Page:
on Falun Gong practitioners, come forward? Without such proof (although such
an individual’s credibility can always be savaged, even with supporting documents),
human rights advocates argued there was no reason to take the story seriously.
There certainly were not sufficient grounds for President Bush to mention organ
harvesting in his human rights speech on the eve of the Beijing Olympics.

The critics had hinted at legitimate points of discussion. But so had the Chinese
government: Fresh off the confession in 2005 that organs were being harvested
from ordinary death-row prisoners, and after issuing their predictable denials
of harvesting organs from Falun Gong, Beijing suddenly passed a law in July
2006 forbidding the sale of organs without the consent of the donor.

Three things happened. The organ supply tightened. Prices doubled. And transplants
continued. So unless there has been a dramatic cultural shift since 2004, when
a Chinese report found that only 1.5 percent of transplanted kidneys were donated
by relatives, the organs being sold must still come from somewhere. Let’s assume
it’s prisoners–that’s what Taiwanese doctors think–and theorize that the new
law was a signal: Get your consent forms and stop harvesting from Falun Gong.
For now.

And the critics had one thing exactly right: Precision is an illusion. No taped
conversation with a mainland doctor is unimpeachable. All witnesses from China
have mixed motives, always. And, again, no numbers from China, even the one
in the last paragraph, can be considered definitive.

Indeed, the entire investigation must be understood to be still at an early,
even primitive, stage. We do not really know the scale of what is happening
yet. Think of 1820, when a handful of doctors, scientists, and amateur fossil
hunters were trying to make sense of scattered suggestive evidence and a disjointed
pile of bones. Twenty-two years would pass before an English paleontologist
so much as coined the term “dinosaur”–“terrible lizard”–and the modern study
of these extinct creatures got seriously under way. Those of us researching
the harvesting of organs from involuntary donors in China are like the early
dinosaur hunters. We don’t work in close consultation with each other. We are
still waiting for even one doctor who has harvested organs from living prisoners
of conscience to emerge from the mainland.

Until that happens, it is true, we don’t even have dinosaur bones. But we do
have tracks. Here are some that I’ve found.

Qu Yangyao, an articulate Chinese professional, holds three master’s degrees.
She is also the earliest refugee to describe an “organs only” medical examination.
Qu escaped to Sydney last year. While a prisoner in China in June 2000, she
refused to “transform”–to sign a statement rejecting Falun Gong–and was eventually
transferred to a labor camp. Qu’s health was fairly good, though she had lost
some weight from hunger strikes. Given Qu’s status and education, there were
reasons to keep her healthy. The Chinese police wanted to avoid deaths in custody–less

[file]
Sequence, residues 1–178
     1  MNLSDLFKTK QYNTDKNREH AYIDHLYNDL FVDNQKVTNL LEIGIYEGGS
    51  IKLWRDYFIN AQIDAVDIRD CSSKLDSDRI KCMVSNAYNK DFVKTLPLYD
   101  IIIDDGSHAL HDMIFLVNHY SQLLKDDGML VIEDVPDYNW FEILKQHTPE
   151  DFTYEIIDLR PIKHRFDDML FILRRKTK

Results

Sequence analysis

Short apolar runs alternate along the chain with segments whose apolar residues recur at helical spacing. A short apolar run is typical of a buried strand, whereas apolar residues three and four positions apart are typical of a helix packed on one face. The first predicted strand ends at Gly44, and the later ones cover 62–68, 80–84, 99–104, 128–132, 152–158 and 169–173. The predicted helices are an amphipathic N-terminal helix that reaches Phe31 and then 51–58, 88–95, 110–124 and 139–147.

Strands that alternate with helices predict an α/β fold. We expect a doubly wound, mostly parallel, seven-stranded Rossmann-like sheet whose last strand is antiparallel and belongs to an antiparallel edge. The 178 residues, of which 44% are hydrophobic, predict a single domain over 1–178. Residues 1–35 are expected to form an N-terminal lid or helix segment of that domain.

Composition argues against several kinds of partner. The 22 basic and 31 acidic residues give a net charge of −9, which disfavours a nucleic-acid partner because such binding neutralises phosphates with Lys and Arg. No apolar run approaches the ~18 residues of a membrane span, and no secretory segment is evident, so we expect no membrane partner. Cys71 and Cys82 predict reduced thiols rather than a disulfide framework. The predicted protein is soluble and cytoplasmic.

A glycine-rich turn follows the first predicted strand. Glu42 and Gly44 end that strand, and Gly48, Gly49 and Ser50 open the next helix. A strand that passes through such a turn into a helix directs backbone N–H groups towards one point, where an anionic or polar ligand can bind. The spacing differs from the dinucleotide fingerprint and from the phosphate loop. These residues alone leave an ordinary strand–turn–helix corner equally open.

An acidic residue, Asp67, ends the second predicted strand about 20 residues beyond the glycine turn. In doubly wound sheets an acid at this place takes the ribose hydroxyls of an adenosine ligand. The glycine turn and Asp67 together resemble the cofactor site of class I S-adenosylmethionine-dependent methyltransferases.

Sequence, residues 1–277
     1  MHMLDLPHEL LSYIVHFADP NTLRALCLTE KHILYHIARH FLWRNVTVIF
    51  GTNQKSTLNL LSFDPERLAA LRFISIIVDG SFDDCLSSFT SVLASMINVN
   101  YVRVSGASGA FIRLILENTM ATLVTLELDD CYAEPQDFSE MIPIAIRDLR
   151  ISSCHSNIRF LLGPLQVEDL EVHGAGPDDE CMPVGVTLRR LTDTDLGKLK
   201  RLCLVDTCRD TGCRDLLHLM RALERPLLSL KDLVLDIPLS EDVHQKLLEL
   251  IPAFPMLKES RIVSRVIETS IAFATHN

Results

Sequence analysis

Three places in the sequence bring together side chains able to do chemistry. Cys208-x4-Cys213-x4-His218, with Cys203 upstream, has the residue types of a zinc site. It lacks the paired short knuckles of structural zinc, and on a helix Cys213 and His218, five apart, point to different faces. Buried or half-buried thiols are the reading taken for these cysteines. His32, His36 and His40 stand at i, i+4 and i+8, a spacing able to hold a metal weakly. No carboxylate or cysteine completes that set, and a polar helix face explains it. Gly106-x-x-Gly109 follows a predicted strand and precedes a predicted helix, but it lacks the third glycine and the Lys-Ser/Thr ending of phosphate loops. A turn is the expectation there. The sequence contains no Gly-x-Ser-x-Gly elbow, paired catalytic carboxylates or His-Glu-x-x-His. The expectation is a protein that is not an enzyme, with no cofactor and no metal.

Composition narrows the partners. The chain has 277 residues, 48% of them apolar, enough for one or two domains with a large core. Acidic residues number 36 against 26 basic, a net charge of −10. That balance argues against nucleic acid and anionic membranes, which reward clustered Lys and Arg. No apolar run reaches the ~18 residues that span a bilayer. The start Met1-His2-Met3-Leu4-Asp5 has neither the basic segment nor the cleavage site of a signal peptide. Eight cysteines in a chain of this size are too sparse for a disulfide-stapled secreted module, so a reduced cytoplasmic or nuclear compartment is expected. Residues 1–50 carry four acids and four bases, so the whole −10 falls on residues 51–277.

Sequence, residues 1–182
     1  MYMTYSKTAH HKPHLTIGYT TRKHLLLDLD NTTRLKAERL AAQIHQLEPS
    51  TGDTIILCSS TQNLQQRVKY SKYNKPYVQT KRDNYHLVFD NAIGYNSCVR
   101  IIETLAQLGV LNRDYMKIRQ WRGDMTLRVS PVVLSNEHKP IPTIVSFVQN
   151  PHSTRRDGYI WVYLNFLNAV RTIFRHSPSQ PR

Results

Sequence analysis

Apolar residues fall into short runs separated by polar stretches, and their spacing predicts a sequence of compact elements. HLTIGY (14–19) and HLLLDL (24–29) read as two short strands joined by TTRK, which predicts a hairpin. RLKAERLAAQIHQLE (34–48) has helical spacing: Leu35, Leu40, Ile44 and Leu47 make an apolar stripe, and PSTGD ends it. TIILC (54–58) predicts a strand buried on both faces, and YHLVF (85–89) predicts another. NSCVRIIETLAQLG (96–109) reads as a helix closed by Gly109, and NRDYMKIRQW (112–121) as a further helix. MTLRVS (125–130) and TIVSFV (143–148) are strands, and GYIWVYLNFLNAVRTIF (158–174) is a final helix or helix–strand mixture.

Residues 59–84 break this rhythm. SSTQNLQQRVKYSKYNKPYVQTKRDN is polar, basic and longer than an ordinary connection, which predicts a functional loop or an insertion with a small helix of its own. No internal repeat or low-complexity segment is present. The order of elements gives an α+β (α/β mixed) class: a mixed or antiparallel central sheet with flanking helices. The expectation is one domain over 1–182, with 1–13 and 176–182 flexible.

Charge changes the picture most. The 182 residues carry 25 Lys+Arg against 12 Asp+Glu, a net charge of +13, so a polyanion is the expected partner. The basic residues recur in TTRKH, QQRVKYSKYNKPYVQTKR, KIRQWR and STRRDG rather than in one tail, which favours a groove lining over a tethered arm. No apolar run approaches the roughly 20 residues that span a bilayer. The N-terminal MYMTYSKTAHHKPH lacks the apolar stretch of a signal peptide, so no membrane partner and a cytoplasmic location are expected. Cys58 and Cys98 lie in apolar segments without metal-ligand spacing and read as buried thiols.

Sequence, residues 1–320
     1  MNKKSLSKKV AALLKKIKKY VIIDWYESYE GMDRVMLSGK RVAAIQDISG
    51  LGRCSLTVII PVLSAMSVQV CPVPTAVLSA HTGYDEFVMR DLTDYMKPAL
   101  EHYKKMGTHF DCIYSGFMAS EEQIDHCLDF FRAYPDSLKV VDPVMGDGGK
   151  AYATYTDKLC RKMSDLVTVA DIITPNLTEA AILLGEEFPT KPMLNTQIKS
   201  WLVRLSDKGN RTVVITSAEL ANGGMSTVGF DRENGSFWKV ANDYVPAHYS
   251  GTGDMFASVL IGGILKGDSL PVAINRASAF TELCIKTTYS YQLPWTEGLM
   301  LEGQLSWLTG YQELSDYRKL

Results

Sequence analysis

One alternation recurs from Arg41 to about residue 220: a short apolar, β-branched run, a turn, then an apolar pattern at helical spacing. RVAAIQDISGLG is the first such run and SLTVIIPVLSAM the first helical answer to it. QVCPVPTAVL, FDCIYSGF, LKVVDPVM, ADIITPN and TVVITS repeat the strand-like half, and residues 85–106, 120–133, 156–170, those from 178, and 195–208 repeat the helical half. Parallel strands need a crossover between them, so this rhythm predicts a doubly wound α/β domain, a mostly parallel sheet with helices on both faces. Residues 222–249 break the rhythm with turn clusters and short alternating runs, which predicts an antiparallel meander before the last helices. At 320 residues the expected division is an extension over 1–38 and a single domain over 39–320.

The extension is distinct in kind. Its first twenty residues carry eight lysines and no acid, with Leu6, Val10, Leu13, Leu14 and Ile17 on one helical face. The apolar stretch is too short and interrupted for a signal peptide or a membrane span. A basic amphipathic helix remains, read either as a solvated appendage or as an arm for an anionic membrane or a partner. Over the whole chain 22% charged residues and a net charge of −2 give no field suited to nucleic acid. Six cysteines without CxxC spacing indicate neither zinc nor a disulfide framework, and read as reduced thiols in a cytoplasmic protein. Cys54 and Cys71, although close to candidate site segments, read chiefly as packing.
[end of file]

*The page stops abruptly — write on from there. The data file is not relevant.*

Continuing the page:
paperwork, fewer questions. At least, so Qu assumed.

Qu was 35 years old when the police escorted her and two other practitioners
into a hospital. Qu distinctly remembers the drawing of a large volume of blood,
then a chest X-ray, and probing. “I wasn’t sure what it was about. They just
touch you in different places . . . abdomen, liver.” She doesn’t remember giving
a urine sample at that time, but the doctor did shine a light in her eyes, examining
her corneas.

Did the doctor then ask her to trace the movement of his light with her eyes,
or check her peripheral vision? No. He just checked her corneas, skipping any
test involving brain function. And that was it: no hammer on the knee, no feeling
for lymph nodes, no examination of ears or mouth or genitals–the doctor checked
her retail organs and nothing else.

I may have felt a silent chill run up my spine at points in our interview,
but Qu, like many educated subjects, seemed initially unaware of the potential
implications of what she was telling me. Many prisoners preserve a kind of “it
can’t happen here” sensibility. “I’m too important to be wiped out”
is the survivor’s mantra. In the majority of the interviews presented here,
my subjects, though aware of the organ harvesting issue, had no clear idea of
my line of questioning or the “right” answers.

Falun Gong practitioners are forbidden to lie. That doesn’t mean they never
do. In the course of my interviews I’ve heard a few distortions. Not because
people have been “prepped,” but because they’ve suffered trauma. Deliberate
distortions, though, are exceedingly rare. The best way to guard against false
testimony is to rely on extended sit-down interviews.

In all, I interviewed 15 Falun Gong refugees from labor camps or extended detention
who had experienced something inexplicable in a medical setting. My research
assistant, Leeshai Lemish, interviewed Dai Ying in Norway, bringing our total
to 16. If that number seems low, consider the difficulty of survival and escape.
Even so, just over half of the subjects can be ruled out as serious candidates
for organ harvesting: too old, too physically damaged from hard labor, or too
emaciated from hunger strikes. Some were simply too shaky in their recall of
specific procedures to be much help to us. Some were the subjects of drug tests.
Some received seemingly normal, comprehensive physicals, though even such people
sometimes offered valuable clues.

For example, Lin Jie, a woman in her early 60s living in Sydney, reported that
in May 2001, while she was incarcerated in the Chongqing Yong Chaun Women’s
Jail, over 100 Falun Gong women were examined “all over the body, very
detailed. And they asked about our medical history.” Fine. Yet Lin found
herself wondering why “one police per practitioner” escorted the women
through the physical, as if they were dangerous criminals. Practitioners of
Falun Gong are many things–intense, moralistic, single-minded–but they are
strictly nonviolent. Clearly someone in the Chinese security system was nervous.

Or take Jing Tian, a female refugee in her 40s, now in Bangkok. In March 2002,
the Shenyang Detention Center gave a comprehensive physical to all the practitioners.
Jing watched the procedure carefully and saw nothing unusual. Then, in September,